Mayor Mark Farrell, Transportation Director Ed Reiskin and Police Chief Bill Scott Announce Decrease in Car Break-Ins as First Part of New Public Safety Initiative in City Garages
Auto break-ins drop 83 percent in SFMTA garage outfitted with new surveillance resources, additional staffing
Mayor Mark Farrell, San Francisco Municipal Transportation Agency Director Ed Reiskin and San Francisco Police Chief Bill Scott today announced that car break-ins have dropped 83 percent at the Sutter-Stockton garage in Union Square as part of a public safety improvement plan that will soon be expanded to all public garages.
“Enough is enough—we are taking ambitious and smart new measures to prevent car break-ins in the city,” said Mayor Farrell. “It should not be a gamble to park your car in San Francisco. Thanks to the existing public safety upgrades in a number of our garages, the criminals of this city are beginning to think twice before breaking the law, and we are going to aggressively expand these security efforts across of all our City-owned garages. A crime prevented is better than a crime solved.”
At the Sutter-Stockton garage, the City realized a staggering drop in car break-ins after assigning a dedicated police officer to the garage, installing fencing and locking down electrical outlets to prevent loitering in February. In January, there were 44 car break-in at the garage, and in March—following the implementation of the initiatives—those numbers dropped to nine, an 83 percent decrease. There have been zero car break-ins at the garage to-date in April.
The SFMTA also recently installed 56 high-definition cameras to deter break-ins and capture crime on camera for immediate SFPD follow-up at six other popular garages—Lombard, Polk/Bush, Vallejo, North Beach, Portsmouth Square and Pierce St. After installation, the Pierce St. garage saw the most significant decline in break-ins, with a 55 percent reduction in the six months following the upgrades. The other garages that received the camera upgrades saw a sustained low number of car break-ins, with several continuing their level of zero car break-ins each month.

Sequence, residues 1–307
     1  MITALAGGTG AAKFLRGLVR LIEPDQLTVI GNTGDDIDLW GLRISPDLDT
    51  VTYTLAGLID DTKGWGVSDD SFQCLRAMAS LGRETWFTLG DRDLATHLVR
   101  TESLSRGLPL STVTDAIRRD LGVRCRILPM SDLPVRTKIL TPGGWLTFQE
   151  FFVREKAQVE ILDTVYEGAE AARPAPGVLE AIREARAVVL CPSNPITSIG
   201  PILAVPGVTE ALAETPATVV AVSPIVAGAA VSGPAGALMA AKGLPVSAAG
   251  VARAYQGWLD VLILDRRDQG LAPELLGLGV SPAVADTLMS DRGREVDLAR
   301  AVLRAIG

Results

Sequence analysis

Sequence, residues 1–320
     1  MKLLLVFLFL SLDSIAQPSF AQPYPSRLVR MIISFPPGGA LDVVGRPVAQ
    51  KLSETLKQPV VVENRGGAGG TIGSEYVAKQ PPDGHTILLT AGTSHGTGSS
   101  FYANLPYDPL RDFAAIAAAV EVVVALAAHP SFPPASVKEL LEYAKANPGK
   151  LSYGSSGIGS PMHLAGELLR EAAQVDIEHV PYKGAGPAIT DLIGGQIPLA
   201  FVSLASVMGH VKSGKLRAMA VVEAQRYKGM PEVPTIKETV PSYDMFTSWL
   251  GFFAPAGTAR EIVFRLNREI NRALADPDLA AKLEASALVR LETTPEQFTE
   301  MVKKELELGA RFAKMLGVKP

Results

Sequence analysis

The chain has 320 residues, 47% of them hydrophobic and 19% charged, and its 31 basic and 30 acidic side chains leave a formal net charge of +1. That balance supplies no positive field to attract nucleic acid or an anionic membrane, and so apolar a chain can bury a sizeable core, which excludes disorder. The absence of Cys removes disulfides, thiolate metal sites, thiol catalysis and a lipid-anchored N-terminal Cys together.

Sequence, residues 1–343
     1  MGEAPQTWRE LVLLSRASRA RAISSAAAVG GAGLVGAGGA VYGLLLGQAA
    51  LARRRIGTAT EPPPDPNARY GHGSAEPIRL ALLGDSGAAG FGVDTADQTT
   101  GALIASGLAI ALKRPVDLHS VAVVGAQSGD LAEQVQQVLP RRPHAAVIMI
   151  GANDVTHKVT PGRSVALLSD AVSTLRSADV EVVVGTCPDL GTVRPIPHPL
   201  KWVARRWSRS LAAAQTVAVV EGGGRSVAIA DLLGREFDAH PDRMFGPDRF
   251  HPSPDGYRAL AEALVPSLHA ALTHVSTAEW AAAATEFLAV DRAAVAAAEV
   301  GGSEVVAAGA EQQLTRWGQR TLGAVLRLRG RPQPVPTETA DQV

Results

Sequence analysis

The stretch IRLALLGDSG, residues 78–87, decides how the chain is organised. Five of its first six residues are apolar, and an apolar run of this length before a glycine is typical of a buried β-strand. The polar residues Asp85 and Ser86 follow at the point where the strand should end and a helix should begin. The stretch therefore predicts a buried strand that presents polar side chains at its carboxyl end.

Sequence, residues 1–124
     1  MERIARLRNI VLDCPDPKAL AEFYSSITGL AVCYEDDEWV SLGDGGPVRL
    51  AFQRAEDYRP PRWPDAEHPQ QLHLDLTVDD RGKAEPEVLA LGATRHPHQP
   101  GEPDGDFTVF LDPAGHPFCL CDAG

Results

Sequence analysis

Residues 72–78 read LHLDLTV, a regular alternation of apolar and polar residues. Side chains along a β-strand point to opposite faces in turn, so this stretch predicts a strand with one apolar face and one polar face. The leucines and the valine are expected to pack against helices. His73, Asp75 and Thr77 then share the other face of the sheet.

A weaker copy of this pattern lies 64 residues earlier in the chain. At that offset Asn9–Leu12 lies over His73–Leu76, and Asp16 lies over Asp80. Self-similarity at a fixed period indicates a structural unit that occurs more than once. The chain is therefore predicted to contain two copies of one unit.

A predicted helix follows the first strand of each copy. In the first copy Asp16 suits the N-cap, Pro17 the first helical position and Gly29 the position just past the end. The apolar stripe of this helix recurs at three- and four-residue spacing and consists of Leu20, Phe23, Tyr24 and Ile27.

Many of the recent improvements at the SFMTA’s public garages and lots stem from the agency’s efforts to make the facilities more convenient and secure using new technology. Hardware and software upgrades being implemented at 22 SFMTA-owned garages and lots include new entry and exit stations, improved payment kiosks, two-way intercom systems, high-definition cameras and a central monitoring station to monitor video and provide 24/7 assistance. Full completion for the 22 garage and lot upgrades is set for 2020, with six garages finished and two underway and 14 upcoming.
“The SFMTA’s work to make our garages and lots safer, more convenient and secure are paying off, but we know there is still more work to do,” said SFMTA Director Reiskin. “We will continue to use new technology, targeted campaigns and increased collaboration with the SFPD to take the air out of serial criminals and prevent auto burglaries.”
The San Francisco Police Department has also partnered with the SFMTA to step up enforcement and crime prevention at city-owned garages and lots. Targeted initiatives include the deployment of plain clothes teams and focused deployment of officers based on crime data. The department is also working with the SFMTA to identify areas for facility security improvements, which have ranged from updating lighting plans and installing new fencing to prevent illegal entry, to locking down electrical outlets to prevent loitering.
“Our officers are making good, solid arrests and we are seeing an encouraging decrease in auto burglaries over last year,” said Police Chief Scott. “This collaborative approach with our partner agencies is enabling SFPD to improve our responsiveness, educate the public on theft prevention and more effectively deter and investigate car break-ins.”
The announcement follows Mayor Farrell’s kickoff of the Park Smart campaign to prevent and respond to car break-ins. The campaign includes increased SFPD foot patrols, units dedicated to deal with property crimes, expanded investigative resources at district stations, more training for fingerprinting and a new public awareness campaign. During the first three months of 2018, car break-ins decreased 17 percent compared to the prior year as a result of ongoing efforts from the San Francisco Police Department and San Francisco Municipal Transportation Agency to address property crimes.